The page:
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City guide – Dunedin

Little Dunedin isn’t top of everyone’s must-see city list in New Zealand, but this hidden, Highlands-influenced place is well worth a visit.


When planning a three-week driving tour of the South Island, I must admit that Dunedin didn’t feature highly on my list of ‘must-see’ destinations. In fact, in a jam-packed itinerary, it was down there in the category of ‘quick overnight stops’, a place to simply refuel and rest before heading to the more action-packed and scenic Queenstown. However, that was before my boyfriend Mark, who grew up in Dunedin, convinced me to lengthen my stay, assuring me that his home city has scenery, culture and wildlife to rival any of the country’s holiday hotspots. Was he being a little biased, perhaps? I was looking forward to finding out...

Founded by the free Church of Scotland and named after the old gaelic word for “Edinburgh”, Dunedin is to Scotland what Christchurch is to England. And the city’s strong Scottish heritage is very apparent from the moment you arrive: there is Princes Street and George Street, Knox Church, and even a statue of Robbie burns in the stunning octagon, the city’s unusual eight-sided town square. The town also has a few tempting whisky shops selling the finest malt – and if you’re lucky (or unlucky, depending on the legs) you may catch a glimpse of the owners dressed in Dunedin tartan.

All that’s missing are the bagpipers, highland dancers and the haggis; but I’m informed by a Scottish expat that Dunedin has these too – during ‘high days and holidays’ and at the city’s official Scottish Week, held annually in September. There’s also a Haggis Ceremony performed at Larnach Castle. The only castle in New Zealand, this unique and quirky structure was created in 1871 – the brainchild of eccentric politician William Larnach. Now restored to its former grandeur, it has breathtaking views across the Otago Harbour.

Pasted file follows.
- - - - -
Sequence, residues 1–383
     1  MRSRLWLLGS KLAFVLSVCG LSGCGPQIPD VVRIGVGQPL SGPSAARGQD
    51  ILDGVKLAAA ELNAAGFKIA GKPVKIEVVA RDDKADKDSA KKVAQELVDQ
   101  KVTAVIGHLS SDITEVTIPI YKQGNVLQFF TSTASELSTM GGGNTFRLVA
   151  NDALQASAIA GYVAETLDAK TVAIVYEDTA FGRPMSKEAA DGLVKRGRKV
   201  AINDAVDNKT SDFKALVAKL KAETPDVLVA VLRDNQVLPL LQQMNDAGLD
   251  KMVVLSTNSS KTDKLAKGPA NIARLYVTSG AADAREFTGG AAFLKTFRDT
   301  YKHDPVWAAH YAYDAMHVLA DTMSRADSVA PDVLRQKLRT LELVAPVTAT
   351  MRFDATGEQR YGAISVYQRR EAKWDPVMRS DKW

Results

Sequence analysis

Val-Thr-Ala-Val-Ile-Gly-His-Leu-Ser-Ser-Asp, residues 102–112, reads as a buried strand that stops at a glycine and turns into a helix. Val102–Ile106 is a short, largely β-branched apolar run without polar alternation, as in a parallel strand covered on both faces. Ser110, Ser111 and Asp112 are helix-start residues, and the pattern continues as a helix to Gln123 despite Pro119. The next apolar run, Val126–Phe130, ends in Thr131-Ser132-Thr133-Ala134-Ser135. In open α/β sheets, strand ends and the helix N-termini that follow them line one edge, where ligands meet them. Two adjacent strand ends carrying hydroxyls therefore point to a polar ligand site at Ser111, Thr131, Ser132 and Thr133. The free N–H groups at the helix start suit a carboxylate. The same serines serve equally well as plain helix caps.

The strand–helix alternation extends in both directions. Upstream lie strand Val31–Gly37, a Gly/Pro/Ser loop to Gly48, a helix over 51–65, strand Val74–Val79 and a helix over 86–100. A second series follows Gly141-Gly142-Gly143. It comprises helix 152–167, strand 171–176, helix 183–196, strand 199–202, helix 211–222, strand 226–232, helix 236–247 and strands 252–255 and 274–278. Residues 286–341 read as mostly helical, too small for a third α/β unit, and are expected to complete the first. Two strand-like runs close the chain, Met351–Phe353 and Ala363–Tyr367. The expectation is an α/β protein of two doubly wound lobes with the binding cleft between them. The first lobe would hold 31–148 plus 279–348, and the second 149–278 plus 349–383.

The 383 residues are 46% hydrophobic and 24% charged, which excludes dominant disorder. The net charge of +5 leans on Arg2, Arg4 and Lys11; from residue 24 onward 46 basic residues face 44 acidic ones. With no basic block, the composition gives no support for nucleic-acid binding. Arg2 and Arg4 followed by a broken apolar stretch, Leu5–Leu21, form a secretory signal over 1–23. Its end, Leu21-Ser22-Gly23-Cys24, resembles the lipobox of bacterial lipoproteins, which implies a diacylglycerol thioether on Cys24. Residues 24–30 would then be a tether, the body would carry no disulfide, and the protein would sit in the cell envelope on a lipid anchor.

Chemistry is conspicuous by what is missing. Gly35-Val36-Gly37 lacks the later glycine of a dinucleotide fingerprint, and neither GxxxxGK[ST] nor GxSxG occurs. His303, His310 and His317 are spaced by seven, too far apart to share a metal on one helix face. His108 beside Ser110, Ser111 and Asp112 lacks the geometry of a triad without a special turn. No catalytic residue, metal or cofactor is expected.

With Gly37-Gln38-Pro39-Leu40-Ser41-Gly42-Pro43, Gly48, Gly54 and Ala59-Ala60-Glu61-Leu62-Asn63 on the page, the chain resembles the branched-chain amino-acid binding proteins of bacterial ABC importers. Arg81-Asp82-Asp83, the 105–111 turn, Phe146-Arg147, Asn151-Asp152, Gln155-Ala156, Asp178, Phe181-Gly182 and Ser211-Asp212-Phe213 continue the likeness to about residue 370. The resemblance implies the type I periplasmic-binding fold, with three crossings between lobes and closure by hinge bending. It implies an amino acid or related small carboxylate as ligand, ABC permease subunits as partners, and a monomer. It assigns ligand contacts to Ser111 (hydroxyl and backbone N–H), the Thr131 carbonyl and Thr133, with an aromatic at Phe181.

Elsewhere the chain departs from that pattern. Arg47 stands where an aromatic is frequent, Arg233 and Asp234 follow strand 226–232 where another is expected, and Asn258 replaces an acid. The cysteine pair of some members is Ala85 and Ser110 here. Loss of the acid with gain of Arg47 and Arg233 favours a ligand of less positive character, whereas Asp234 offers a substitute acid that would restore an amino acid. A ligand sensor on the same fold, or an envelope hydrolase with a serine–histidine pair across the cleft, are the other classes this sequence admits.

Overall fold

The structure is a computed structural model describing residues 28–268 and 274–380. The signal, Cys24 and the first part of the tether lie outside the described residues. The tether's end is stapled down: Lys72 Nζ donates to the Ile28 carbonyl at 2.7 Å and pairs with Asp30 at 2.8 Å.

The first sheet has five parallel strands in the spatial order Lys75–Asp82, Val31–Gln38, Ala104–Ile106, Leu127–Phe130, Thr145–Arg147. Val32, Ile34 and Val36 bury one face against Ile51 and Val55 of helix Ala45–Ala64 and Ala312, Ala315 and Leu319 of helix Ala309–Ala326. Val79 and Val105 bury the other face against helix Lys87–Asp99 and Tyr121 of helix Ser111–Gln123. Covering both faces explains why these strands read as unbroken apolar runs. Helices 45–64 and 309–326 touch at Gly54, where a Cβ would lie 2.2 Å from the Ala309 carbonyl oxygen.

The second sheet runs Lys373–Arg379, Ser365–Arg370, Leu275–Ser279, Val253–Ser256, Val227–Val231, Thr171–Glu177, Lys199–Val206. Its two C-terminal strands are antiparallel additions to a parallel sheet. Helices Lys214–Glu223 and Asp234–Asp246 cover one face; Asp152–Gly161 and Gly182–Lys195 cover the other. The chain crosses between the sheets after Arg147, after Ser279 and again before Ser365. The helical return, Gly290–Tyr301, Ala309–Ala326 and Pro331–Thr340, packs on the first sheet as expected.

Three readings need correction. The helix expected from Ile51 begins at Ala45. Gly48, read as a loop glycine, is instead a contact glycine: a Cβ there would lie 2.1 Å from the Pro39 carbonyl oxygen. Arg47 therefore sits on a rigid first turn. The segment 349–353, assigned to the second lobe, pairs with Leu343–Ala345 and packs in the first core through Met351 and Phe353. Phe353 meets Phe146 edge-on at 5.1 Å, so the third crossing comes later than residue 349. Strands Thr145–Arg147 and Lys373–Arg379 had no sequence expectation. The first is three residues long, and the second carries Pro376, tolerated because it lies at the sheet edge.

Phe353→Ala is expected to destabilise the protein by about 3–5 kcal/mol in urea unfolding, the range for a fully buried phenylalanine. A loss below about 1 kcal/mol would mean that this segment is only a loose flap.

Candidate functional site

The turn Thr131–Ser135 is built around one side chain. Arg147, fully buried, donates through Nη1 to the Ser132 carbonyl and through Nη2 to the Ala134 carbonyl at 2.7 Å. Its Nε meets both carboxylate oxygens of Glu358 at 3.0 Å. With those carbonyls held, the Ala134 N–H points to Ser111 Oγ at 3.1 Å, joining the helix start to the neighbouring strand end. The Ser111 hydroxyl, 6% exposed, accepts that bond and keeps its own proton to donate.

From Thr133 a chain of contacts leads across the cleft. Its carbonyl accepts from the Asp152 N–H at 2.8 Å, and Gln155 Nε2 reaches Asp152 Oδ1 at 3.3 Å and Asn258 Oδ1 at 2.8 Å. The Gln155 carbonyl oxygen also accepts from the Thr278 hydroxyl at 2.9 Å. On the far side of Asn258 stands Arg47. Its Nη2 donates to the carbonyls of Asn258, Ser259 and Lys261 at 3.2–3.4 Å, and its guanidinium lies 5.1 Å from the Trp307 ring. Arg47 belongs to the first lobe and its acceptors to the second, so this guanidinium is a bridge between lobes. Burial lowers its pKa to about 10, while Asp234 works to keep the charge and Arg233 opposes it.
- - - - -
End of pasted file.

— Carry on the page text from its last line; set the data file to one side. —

Strolling through the centre of town, I can see why Dunedin is regarded as one of the best preserved Victorian and Edwardian cities in the Commonwealth. following the 19th-century Otago gold rush, it was once New Zealand’s wealthiest and largest city, and this early prosperity is evident in the unique architecture. Buildings too beautiful to miss include the gothic revival-styled first Church; Olveston, a grand Edwardian stately home on Royal Terrace; the Italianate clock- tower of the Municipal Chambers; the impressive Victorian building of New Zealand’s first and pre-eminent university, Otago; and they’re brimming with people from all walks of life.

“If you can unglue yourself from the city’s cafe scene, the raggedly shaped Otago Peninsula lies practically in Dunedin’s backyard and is teeming with wildlife and outdoor activities,” states Lonely Planet. So, ‘unglue’ myself from the café scene I did, and off I went in search of Dunedin’s famous royal albatross colony, the fur seals, sea lions, shags, and the yellow-eyed penguin or hoiho.

After taking the scenic coastal road from the city centre to the stunning location of Taiaroa Head – the only place in the world where the albatross nests so close to civilization – I was lucky enough to see all of the wildlife mentioned above, against a breathtaking backdrop. When David Bellamy described the Otago Peninsula as “the finest example of eco-tourism in the world,” he wasn’t wrong.

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